PHILIP: I think that people are listening to us. I know my parents are listening to me. That's two votes in my corner. I have my entire family supporting me. So, two years is not that long of a time. I'll be able to vote in the next main election for president, and I know I will not be casting a vote for Donald Trump.

CABRERA: Well, thank you so much for coming in and sharing your voice and being courageous with you and your peers. It's really inspiring to see what you're doing out there.

PHILIP: Thank you for having me.

CABRERA: And you're watching CNN's special live coverage. We want to take a break right now, and I want you to listen to Delaney Tarr, another student who said she will never stop fighting for her classmates that she lost. DELANEY TARR, MARJORY STONEMAN DOUGLAS HIGH SCHOOL STUDENT: Today, and every day, we will continue to fight for those things that are right. We will continue to fight for common sense. We will continue to fight for our lives. We will continue to fight for our dead friends.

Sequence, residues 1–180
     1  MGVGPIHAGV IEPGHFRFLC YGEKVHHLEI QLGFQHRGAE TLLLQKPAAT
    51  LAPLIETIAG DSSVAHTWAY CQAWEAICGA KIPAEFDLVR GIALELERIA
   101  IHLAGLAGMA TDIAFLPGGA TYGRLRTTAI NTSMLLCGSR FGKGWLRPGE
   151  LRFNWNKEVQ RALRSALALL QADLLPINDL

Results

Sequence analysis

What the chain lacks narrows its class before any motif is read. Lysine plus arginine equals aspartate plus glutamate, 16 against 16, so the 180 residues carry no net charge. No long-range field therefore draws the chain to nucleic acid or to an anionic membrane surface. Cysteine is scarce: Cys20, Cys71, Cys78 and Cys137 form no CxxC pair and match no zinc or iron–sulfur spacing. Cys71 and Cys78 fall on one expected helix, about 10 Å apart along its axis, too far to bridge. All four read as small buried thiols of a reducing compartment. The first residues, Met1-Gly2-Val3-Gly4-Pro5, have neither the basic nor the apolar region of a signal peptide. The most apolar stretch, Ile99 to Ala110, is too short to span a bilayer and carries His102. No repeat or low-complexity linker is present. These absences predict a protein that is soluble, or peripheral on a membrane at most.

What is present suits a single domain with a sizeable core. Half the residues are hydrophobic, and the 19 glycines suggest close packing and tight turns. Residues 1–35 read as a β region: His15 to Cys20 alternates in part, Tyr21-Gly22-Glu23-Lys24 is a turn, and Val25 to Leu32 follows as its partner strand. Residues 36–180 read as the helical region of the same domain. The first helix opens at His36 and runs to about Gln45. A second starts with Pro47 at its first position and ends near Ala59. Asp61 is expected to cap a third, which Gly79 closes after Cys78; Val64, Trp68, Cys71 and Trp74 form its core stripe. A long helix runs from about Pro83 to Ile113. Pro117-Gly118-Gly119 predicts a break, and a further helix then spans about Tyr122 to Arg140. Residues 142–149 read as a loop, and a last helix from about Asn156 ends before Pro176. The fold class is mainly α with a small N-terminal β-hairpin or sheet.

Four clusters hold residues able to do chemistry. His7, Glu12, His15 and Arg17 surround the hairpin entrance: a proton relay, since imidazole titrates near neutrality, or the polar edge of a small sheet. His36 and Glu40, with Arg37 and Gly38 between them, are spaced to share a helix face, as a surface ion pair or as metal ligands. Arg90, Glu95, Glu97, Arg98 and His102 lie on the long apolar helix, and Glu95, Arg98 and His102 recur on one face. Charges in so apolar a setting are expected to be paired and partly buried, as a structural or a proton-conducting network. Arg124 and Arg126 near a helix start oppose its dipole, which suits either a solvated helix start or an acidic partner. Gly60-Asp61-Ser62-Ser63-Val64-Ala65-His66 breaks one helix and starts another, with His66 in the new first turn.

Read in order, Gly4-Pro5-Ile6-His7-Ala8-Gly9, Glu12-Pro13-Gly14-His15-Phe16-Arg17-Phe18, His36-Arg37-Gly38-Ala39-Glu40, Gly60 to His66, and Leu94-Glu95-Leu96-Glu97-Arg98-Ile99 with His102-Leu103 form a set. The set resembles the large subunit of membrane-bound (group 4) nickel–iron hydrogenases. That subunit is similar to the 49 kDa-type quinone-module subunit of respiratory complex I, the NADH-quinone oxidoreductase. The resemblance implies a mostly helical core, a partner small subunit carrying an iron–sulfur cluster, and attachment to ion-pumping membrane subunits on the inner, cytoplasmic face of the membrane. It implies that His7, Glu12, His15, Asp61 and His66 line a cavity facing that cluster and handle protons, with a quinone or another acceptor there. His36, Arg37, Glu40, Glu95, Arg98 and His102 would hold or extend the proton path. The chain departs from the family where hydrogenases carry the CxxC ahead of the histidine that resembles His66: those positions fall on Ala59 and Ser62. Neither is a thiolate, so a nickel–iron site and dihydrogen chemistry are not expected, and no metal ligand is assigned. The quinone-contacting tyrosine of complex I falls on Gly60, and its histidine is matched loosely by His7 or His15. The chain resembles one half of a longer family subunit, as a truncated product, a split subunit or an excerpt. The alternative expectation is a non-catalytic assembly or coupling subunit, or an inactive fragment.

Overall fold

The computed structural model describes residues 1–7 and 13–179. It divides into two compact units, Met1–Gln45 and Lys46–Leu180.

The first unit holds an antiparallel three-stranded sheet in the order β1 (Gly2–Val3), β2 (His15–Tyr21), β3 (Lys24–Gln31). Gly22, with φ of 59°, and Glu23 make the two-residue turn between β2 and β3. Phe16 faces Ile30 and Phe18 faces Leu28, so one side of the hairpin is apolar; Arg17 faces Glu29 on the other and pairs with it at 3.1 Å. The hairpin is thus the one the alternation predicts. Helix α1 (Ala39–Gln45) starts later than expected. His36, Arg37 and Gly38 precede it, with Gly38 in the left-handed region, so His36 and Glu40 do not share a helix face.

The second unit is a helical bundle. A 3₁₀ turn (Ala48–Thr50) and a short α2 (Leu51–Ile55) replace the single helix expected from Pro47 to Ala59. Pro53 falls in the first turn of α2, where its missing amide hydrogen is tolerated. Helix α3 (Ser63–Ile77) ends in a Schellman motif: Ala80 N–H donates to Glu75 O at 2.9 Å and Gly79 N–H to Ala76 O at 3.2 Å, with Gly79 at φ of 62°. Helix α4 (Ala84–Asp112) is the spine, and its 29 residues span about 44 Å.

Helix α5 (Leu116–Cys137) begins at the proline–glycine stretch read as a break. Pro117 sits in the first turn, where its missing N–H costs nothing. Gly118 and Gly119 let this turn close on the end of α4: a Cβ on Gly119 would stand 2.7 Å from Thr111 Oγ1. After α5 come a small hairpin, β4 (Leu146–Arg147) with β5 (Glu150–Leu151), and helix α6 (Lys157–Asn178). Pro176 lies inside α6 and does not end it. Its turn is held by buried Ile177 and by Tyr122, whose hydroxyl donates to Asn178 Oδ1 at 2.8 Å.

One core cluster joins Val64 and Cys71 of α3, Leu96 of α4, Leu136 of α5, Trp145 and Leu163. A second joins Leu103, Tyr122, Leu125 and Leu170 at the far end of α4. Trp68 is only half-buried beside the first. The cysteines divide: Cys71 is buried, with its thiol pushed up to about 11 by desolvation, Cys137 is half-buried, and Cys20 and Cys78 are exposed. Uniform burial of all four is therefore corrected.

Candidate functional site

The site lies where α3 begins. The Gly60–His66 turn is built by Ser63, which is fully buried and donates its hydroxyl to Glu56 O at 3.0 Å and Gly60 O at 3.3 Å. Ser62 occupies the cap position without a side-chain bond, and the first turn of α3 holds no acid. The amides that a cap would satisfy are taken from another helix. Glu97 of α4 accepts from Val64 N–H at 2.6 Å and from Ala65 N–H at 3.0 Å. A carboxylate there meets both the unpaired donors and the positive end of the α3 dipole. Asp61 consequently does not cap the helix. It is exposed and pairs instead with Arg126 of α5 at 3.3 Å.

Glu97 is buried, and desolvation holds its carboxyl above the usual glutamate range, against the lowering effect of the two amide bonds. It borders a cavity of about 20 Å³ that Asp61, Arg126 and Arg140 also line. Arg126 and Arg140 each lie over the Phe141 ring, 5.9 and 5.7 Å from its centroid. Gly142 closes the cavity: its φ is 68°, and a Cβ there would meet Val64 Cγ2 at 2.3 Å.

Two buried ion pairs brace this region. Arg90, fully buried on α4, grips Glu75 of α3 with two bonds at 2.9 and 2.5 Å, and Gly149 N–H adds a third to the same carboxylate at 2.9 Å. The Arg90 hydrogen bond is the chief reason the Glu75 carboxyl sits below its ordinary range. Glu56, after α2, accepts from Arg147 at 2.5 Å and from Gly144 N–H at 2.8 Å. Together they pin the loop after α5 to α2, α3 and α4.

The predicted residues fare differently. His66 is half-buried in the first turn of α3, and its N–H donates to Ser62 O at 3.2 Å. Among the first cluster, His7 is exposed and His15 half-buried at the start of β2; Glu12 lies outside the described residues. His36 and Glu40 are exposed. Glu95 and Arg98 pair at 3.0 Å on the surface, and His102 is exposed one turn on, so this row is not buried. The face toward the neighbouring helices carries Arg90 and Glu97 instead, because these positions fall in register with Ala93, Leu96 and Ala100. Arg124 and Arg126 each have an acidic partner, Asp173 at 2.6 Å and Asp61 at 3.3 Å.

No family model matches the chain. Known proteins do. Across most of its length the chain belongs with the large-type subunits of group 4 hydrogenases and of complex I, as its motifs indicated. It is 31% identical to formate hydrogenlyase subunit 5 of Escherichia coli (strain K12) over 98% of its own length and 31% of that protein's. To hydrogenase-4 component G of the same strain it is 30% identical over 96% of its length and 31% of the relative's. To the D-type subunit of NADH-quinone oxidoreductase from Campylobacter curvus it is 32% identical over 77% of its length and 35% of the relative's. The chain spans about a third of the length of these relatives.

(END VIDEO CLIP)

(COMMERCIAL BREAK)

[17:29:10]

CABRERA: I was a TV journalist in Denver, Colorado, when the Aurora movie theater shooting rattled the nation back in 2012. While covering the Aurora massacre and the gunman's trial, I got to know the parents of Jessica (inaudible), an energetic 24-year-old woman who had moved from her native Texas to Colorado to chase her dream of being a sports reporter.

In June 2012, Jessica narrowly escaped a mass shooting at a Toronto mall. She left the food court about 3 minutes before a gunman opened fire there. A little more than a month later, Jessica was dead. Gunned down during a midnight showing of a Batman movie.

Joining me now, Jessica's parents, Sandy and Lonnie Philips in San Antonio.

[17:30:00] Sandy, Lonnie, you guys have truly touched my heart the way you have dealt with Jessica's death with such courage and grace and strength.

It's nice to see you both again.

SANDY PHILLIPS, MOTHER OF JESSICA GHAWI: It's nice to be on your show, Ana. Thank you.

LONNIE PHILLIPS, FATHER OF JESSICA GHAWI: Thank you.

CABRERA: I know you now travel the country advocating for tougher gun control laws. What's your reaction when you see the hundreds of thousands of teens, young people, marching through the nation's capital, protesting gun violence in America?